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Why Some Firms Export


  • Andrew B. Bernard

    (Tuck School of Business at Dartmouth and National Bureau of Economic Research)

  • J. Bradford Jensen

    (Institute for International Economics)


This paper examines the factors that increase the probability of entry into exporting. Using a panel of U.S. manufacturing plants, we test for the role of plant characteristics, spillovers from neighboring exporters, entry costs, and government export promotion expenditures. Entry and exit in the export market by U.S. plants is substantial, past exporters are apt to reenter, and plants are likely to export in consecutive years. However, we find that entry costs are significant and spillovers from the export activity of other plants are negligible. State export promotion expenditures have no significant effect on the probability of exporting. Plant characteristics, especially those indicative of past success, strongly increase the probability of exporting, as does changing industries. © 2004 President and Fellows of Harvard College and the Massachusetts Institute of Technology.

Suggested Citation

  • Andrew B. Bernard & J. Bradford Jensen, 2004. "Why Some Firms Export," The Review of Economics and Statistics, MIT Press, vol. 86(2), pages 561-569, May.
  • Handle: RePEc:tpr:restat:v:86:y:2004:i:2:p:561-569

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    References listed on IDEAS

    1. Aitken, Brian & Hanson, Gordon H. & Harrison, Ann E., 1997. "Spillovers, foreign investment, and export behavior," Journal of International Economics, Elsevier, vol. 43(1-2), pages 103-132, August.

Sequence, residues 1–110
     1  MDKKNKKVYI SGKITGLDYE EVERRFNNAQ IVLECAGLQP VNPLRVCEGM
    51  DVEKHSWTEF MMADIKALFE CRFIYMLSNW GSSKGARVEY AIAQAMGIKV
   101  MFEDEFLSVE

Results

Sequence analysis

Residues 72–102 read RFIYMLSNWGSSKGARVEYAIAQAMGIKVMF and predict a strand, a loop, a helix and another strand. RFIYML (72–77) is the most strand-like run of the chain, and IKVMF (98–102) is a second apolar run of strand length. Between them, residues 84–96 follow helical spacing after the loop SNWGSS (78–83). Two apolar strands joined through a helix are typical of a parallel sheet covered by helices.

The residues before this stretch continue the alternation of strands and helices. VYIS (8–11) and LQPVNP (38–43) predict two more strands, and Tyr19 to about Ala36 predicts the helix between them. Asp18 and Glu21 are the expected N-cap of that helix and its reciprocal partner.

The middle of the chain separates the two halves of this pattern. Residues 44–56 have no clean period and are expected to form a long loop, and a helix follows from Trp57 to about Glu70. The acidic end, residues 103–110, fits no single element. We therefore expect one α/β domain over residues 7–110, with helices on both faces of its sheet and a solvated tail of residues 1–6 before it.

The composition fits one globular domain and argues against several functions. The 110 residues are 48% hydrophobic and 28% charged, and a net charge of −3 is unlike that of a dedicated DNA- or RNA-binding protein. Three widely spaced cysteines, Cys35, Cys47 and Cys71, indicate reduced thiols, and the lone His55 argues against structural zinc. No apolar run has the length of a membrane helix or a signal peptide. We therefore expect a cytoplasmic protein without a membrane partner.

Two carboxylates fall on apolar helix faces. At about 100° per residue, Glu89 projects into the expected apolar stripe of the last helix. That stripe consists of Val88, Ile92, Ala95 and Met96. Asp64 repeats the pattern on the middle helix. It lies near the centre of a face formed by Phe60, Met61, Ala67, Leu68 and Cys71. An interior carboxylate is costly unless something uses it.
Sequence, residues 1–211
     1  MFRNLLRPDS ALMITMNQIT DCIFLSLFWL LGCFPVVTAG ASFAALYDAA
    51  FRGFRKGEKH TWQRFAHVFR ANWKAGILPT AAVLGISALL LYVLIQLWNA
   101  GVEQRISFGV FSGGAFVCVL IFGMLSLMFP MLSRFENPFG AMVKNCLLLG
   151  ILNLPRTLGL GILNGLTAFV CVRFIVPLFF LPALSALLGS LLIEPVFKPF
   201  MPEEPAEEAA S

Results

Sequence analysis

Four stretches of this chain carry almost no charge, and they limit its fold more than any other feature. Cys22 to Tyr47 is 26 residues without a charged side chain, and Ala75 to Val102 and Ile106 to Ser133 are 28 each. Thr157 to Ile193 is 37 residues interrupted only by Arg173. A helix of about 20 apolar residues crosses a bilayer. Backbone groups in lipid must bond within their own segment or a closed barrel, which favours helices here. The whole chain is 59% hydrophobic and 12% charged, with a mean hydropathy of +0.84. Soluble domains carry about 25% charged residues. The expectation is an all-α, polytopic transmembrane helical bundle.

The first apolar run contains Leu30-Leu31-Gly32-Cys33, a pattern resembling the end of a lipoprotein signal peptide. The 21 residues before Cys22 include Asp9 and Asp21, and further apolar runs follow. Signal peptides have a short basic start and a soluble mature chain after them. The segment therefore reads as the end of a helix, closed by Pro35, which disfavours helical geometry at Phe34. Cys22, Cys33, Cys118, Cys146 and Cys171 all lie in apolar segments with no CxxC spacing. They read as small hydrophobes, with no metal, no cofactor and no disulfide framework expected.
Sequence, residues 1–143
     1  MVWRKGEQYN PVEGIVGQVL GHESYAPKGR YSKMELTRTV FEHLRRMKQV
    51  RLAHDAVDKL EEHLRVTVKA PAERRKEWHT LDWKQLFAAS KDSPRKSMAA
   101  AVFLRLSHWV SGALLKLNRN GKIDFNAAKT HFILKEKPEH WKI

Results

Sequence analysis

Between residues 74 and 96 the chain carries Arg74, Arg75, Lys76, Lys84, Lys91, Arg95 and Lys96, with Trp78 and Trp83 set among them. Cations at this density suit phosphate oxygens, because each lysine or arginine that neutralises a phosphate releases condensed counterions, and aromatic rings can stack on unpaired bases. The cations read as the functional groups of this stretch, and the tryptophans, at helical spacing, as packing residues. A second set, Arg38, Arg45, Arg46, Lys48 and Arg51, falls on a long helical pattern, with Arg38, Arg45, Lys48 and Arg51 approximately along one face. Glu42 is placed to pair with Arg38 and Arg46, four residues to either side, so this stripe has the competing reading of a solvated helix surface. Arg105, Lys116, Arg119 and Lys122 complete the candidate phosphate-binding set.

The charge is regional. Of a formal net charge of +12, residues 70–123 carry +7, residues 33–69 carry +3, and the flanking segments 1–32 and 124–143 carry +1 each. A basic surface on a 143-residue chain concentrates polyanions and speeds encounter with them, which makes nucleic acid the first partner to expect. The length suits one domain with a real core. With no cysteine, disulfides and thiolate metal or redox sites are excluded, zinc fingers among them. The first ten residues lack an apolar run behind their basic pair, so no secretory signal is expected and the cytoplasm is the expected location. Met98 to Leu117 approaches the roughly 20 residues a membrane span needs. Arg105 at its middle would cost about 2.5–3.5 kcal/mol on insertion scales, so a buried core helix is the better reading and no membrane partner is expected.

2. Roberts, M. & Tybout, J., 1993. "An Empirical Model of Sunk Costs and the Decision to Export," Papers 4-93-3, Pennsylvania State - Department of Economics.
    3. Holtz-Eakin, Douglas & Newey, Whitney & Rosen, Harvey S, 1989. "The Revenues-Expenditures Nexus: Evidence from Local Government Data," International Economic Review, Department of Economics, University of Pennsylvania and Osaka University Institute of Social and Economic Research Association, vol. 30(2), pages 415-429, May.
    4. Richard Baldwin & Paul Krugman, 1989. "Persistent Trade Effects of Large Exchange Rate Shocks," The Quarterly Journal of Economics, Oxford University Press, vol. 104(4), pages 635-654.
    5. Dixit, Avinash K, 1989. "Entry and Exit Decisions under Uncertainty," Journal of Political Economy, University of Chicago Press, vol. 97(3), pages 620-638, June.
    6. Paul Krugman, 1992. "Geography and Trade," MIT Press Books, The MIT Press, edition 1, volume 1, number 0262610868, July.
    7. Baldwin, Richard, 1988. "Hyteresis in Import Prices: The Beachhead Effect," American Economic Review, American Economic Association, vol. 78(4), pages 773-785, September.
    8. Brainard, S Lael, 1997. "An Empirical Assessment of the Proximity-Concentration Trade-off between Multinational Sales and Trade," American Economic Review, American Economic Association, vol. 87(4), pages 520-544, September.
    9. Card, David & Sullivan, Daniel G, 1988. "Measuring the Effect of Subsidized Training Programs on Movements in and out of Employment," Econometrica, Econometric Society, vol. 56(3), pages 497-530, May.
    10. Avinash Dixit, 1989. "Hysteresis, Import Penetration, and Exchange Rate Pass-Through," The Quarterly Journal of Economics, Oxford University Press, vol. 104(2), pages 205-228.
    11. Keane, Michael P & Runkle, David E, 1992. "On the Estimation of Panel-Data Models with Serial Correlation When Instruments Are Not Strictly Exogenous," Journal of Business & Economic Statistics, American Statistical Association, vol. 10(1), pages 1-9, January.
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    JEL classification:

    • F20 - International Economics - - International Factor Movements and International Business - - - General
    • D21 - Microeconomics - - Production and Organizations - - - Firm Behavior: Theory


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